I'm installing tongue & groove v board on the ceiling of a screened porch.
I was planning on allowing 1/2" expansion between the first and last row of
decking next to the wall. As I cut the boards to length, do I need to allow
for expansion next to the walls? I guess the root of the question is, do
boards expand and contract length wise.
When you install hardwood floors they recommend a gap all aroung the
perimeter where the wood mmets the walls. That gap is covered by
baseboard or shoemold. I do not know if C & S is correct so I am not
argueing with him/her, I am just making an observation.
Here's the first source I could find support my assertion that wood does not
change in length... at least not appreciably. Over an 8 foot span, .01% is
about the thickness of a playing card. And 0 to 28% MC is a monsterous
From this link:
<snippage for brevity>
Wood movement along the grain is almost negligible. From 0 to 28 percent
moisture content, a typical board will move only 0.01 percent of its length.
However it will move about 8 percent across flat grain and 4 percent across
quarter grain. This is why woodworkers consider quartersawn lumber more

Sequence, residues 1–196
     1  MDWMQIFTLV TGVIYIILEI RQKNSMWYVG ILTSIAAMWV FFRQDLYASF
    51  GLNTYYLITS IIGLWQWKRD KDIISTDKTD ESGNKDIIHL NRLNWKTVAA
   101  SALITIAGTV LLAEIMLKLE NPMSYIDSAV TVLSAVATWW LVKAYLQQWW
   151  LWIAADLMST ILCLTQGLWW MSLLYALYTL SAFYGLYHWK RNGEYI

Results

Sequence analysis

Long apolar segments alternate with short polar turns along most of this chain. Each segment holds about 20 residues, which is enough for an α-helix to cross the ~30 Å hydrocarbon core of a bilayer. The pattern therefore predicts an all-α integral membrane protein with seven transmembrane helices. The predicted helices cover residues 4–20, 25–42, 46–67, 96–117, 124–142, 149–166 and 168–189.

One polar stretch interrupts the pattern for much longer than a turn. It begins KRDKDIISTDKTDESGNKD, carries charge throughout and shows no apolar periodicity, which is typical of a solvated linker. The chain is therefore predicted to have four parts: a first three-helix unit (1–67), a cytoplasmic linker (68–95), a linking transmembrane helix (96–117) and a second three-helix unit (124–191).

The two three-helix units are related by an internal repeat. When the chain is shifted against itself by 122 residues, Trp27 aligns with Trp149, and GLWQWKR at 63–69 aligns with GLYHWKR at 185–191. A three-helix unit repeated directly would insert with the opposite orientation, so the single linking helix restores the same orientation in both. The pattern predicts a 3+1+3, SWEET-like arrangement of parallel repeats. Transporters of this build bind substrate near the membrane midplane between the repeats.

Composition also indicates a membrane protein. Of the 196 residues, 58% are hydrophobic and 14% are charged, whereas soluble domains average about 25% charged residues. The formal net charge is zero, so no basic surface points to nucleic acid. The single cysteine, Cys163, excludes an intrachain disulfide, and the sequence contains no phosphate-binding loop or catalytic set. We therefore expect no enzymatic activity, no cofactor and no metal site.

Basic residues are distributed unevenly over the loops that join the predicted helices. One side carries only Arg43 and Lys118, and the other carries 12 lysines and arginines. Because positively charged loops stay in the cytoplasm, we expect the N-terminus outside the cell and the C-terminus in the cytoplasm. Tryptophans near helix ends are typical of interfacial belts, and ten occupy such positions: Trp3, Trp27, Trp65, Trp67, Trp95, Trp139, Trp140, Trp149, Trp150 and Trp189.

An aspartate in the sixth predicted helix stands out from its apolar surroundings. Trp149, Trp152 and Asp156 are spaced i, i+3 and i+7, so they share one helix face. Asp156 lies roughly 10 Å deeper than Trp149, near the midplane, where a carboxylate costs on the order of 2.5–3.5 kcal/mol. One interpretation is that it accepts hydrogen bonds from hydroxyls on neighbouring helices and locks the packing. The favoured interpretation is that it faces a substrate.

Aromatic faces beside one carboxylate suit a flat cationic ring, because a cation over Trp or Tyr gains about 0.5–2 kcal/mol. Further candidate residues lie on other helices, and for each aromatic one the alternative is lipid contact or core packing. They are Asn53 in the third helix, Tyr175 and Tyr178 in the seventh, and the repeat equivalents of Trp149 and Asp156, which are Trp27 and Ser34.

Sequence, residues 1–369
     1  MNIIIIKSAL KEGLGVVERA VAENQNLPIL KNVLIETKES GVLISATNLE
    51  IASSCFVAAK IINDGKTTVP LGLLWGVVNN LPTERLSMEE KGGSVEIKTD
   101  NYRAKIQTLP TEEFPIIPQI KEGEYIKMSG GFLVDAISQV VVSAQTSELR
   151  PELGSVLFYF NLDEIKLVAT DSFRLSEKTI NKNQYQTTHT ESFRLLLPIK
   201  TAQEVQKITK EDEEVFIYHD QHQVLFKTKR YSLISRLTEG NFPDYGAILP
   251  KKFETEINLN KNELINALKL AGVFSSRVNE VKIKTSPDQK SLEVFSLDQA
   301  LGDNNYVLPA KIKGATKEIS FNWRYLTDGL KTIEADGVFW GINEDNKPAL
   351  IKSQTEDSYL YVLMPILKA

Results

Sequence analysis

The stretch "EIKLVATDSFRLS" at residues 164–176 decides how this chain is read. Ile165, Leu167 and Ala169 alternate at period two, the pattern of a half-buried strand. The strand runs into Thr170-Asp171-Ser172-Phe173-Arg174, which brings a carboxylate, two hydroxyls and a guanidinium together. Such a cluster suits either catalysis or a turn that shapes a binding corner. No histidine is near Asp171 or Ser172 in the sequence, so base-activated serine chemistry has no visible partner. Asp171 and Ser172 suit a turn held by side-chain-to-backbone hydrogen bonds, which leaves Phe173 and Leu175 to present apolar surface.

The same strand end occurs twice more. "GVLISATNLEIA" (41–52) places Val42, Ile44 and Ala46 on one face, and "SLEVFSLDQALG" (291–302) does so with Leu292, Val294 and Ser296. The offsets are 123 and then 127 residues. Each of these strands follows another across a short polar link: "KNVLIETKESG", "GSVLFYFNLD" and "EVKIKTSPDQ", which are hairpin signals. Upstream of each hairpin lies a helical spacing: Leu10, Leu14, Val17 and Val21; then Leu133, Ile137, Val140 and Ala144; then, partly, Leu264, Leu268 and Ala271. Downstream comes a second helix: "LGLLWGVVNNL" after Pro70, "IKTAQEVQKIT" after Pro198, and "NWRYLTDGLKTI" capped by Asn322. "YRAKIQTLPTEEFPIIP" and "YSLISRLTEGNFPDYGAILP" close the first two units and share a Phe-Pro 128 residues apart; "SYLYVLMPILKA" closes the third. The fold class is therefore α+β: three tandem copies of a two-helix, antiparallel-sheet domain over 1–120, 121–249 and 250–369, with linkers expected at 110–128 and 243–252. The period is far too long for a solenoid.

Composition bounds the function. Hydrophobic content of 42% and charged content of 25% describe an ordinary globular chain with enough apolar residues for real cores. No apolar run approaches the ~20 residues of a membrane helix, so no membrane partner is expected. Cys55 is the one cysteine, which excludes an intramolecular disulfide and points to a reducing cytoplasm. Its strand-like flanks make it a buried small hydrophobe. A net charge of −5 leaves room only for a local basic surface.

stable. It's also why boards with mixed grain (and mixed expansion rates)
tend to cup.
Wood expands and contracts in all directions, but not nearly as much
lengthwise as it does across it's width. I'd say leave around a 1/4 gap
on each end. Unless you've got a 50' deep porch, you should be ok.
I know what everyone says about expansion and all, but nailed wood does not
expand like wood sitting on a pile. Once you nail that ceiling up it is not
going to move any appreciable amount. Ask me how I know - that's all I have
are tongue and groove ceilings in my house and it's over twenty years old.
Forget about any suggestions to leave a gap at the ends - it's just not
necessary. Your wood will not expand enough longitudinally to amount to
spit. You're going to find that you have to back cut the groove on the last
ceiling board in order to fit it up in and you'll need to cut it a couple of
hairs narrow to allow for tilting it in place and that's all the space you
need to provide. Think about it - every piece of wood is nailed to a rafter
and locked into place with the boards on each side of it. It isn't going to
be moving much at all.
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